Today's News

  • Morrison voters agree with town board on disconnection, rezoning of Red Rocks Ranch

    In the first of two elections on the matter, Morrison voters chose not to repeal the town board’s decision on rezoning and disconnection of Red Rocks Ranch, a piece of property on the northeast corner of Morrison Road and C-470 just north of Bear Creek Lake Park.

    According to unofficial results from the Sept. 25 special election, 58 voted in favor of repealing the rezoning while 112 voted against it. Likewise, 55 voters voted in favor of repealing the board’s decision to disconnect the property and 115 voted against it.

  • South Jeffco robbery, kidnapping suspect sentenced to 26 years in prison

    One of the men accused of kidnapping and robbing a man and woman in South Jeffco was sentenced to 26 years in prison Thursday during a hearing.

    Casey Cleveland, 33, pleaded guilty to two felony counts of aggravated robbery in late August. His co-defendant, 34-year-old Jeremy Hackbarth, also was found guilty after a six-day jury trial. Hackbarth will be sentenced on Dec. 6.

  • Two Deer Creek teachers placed on leave after alleged inappropriate comments

    Brent Resler, one of the two Deer Creek Middle School teachers placed on administrative leave last week, has been accused of making sexually-inappropriate comments to female students.

    According to a police report filed with the Jeffco Sheriff's Office on Sept. 13, a student alleged that Resler, 43, who teaches seventh-grade social studies, talked to female students about sex and suggested that students imagine having sex with him.

  • D’Evelyn takes second at Littleton Invite

    LITTLETON — D’Evelyn tennis has been on a roll this season.
    At the Littleton Invitational on Friday at Littleton High School and Gallup Park, the Jaguars took second in a tournament with eight teams with a score of 33. Mountain Vista won with 41 points.

  • Chargers gain experience in setback to Wildcats

    The only thing hotter than the 90-degree temperatures at Jeffco Stadium on Friday was the play of No. 10 Fruita Monument’s offense.  
    The Wildcats scored 17 points in the first half and on three of four possessions in the second half to defeat No. 3 Chatfield 38-27.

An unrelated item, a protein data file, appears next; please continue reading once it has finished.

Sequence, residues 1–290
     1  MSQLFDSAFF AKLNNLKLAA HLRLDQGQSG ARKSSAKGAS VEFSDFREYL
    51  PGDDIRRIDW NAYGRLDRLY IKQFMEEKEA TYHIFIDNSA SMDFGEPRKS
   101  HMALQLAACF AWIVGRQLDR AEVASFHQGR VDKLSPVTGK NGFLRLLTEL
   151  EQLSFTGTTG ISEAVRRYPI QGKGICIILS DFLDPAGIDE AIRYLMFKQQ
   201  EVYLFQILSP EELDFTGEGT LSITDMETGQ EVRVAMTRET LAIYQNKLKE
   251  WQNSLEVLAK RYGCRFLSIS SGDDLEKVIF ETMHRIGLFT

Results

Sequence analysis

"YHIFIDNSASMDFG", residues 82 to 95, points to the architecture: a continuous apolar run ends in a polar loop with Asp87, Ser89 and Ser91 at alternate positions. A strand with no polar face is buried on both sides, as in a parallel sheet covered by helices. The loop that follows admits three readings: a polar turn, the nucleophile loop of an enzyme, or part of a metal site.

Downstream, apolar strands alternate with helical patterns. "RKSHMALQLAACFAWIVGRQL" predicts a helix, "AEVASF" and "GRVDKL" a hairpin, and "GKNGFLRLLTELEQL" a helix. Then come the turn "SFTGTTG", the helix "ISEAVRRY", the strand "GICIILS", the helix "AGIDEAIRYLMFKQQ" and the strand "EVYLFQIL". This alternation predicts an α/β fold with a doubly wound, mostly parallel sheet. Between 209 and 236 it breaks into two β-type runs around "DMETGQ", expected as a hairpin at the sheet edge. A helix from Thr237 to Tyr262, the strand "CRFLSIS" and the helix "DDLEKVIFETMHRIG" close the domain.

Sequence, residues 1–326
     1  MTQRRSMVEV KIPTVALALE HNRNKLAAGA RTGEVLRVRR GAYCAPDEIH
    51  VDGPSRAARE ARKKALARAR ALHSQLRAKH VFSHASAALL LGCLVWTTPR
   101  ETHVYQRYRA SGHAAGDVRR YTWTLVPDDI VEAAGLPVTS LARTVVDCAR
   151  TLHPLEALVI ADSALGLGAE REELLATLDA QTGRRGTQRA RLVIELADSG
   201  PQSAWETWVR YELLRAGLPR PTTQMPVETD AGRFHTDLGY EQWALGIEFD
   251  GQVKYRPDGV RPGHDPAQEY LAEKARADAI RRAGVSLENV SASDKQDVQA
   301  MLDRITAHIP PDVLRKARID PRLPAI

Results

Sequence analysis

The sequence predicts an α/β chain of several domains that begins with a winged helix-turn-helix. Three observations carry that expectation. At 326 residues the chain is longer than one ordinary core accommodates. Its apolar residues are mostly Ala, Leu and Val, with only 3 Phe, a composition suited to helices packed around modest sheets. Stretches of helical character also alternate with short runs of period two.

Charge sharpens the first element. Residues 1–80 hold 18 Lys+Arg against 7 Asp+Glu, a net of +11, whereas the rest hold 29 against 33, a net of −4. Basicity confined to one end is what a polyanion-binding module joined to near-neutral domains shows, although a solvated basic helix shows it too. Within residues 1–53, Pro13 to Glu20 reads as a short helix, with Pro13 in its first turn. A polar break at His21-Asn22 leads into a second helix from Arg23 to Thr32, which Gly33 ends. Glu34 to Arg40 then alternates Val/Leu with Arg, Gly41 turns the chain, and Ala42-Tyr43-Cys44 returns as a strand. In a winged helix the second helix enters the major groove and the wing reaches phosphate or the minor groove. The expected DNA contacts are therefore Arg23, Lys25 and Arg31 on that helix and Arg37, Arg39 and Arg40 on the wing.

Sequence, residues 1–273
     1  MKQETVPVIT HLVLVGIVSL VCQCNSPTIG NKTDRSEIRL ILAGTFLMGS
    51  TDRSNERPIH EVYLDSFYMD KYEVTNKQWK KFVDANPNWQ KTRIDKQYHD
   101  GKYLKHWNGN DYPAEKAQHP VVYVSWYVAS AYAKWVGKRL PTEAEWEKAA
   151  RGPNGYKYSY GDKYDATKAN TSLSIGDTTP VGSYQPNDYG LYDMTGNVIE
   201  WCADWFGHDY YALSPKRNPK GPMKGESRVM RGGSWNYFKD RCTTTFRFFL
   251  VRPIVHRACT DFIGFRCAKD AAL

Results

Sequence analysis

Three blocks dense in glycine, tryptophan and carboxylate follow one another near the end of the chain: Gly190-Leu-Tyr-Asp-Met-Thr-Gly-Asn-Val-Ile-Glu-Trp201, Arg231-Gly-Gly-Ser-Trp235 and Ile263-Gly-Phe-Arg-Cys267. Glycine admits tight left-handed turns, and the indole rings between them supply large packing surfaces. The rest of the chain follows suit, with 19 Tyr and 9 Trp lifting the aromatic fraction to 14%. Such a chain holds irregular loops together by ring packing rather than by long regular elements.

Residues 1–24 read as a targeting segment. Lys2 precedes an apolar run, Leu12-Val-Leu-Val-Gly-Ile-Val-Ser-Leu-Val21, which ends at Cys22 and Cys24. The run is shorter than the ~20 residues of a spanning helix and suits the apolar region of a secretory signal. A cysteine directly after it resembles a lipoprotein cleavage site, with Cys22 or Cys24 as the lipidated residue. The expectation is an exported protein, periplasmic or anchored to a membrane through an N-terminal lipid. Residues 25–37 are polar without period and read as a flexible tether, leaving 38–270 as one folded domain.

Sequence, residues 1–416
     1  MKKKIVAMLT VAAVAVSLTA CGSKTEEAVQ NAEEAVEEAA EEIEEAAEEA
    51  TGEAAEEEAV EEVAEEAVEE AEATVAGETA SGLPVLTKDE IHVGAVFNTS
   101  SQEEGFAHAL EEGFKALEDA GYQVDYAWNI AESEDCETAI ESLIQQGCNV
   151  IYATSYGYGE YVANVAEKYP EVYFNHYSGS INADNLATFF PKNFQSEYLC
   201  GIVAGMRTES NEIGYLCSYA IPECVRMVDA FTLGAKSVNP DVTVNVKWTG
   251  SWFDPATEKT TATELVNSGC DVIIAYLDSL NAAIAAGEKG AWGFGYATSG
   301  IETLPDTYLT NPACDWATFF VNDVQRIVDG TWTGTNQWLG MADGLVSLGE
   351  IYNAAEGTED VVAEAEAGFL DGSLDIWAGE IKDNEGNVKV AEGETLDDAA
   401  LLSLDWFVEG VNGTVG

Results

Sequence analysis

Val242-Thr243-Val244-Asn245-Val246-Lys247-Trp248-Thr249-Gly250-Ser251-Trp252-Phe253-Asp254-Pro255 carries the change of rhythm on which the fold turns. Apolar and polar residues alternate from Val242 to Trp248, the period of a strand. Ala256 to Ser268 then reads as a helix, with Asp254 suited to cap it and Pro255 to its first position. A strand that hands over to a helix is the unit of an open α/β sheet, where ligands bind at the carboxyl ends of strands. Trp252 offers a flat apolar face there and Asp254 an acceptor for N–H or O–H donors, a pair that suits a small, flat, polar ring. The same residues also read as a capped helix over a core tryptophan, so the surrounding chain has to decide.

With the setback, the Chargers dropped to No. 7 as Fruita Monument rose to No. 6.
    It was the first loss for Chatfield; it also marked the third consecutive game the Chargers had given up 30 or more points. The defense has only one returning starter from last season.

  • Rock Canyon optimizes offense against Rebels

    LITTLETON — Sometimes it pours when it rains, and that’s exactly what happened to Columbine softball on its home field on Saturday, although no one sitting in the 90-degree weather may have guessed it.
    Going in, the No. 9 Rebels knew they would face an uphill battle against No. 8 Rock Canyon, especially with two key players unable to compete. That, and a slew of defensive mishaps throughout the entire game, doomed Columbine in its 17-5 loss.

  • D’Evelyn digs out of a hole in big win

    WESTMINSTER — D’Evelyn volleyball has had a rough go in its first few games of the season but, in comeback fashion, it was able to take the match at Standley Lake on Monday.
    In a contentious first set, one that saw 11 ties, the Jaguars couldn’t quite get a handle on their digs or their passing, but they still fought tooth and nail until the very end. They eventually fell, 26-24.
    From there on out, they cleaned up their back line defense and shut the Gators down, sweeping the next three sets to win out, 3-1.

  • Columbine brings the pain against Highlands Ranch

    HIGHLANDS RANCH — For years, Columbine football has been a dominant force to be reckoned with.
    This year is no different.
    At Highlands Ranch on Friday night, the third-ranked Rebels, per CHSAANow.com, came out firing on all cylinders as they downed the Falcons, 41-16, to advance to 4-0 on the season.

  • Sheriff's Calls

    When words collide

  • Amendments have my vote; what about yours?

    It takes at least two-thirds of the members of both the House of Representatives and Senate to refer proposed constitutional amendments from Colorado’s legislature to its people.  
    In addition to those super majority votes, all of the proposals are subject to a public hearing with testimony from interested members of the public and debate with two votes on the floor of both the House and Senate. With all of those criteria, it’s usually a safe bet that amendments referred by the legislature deserve support.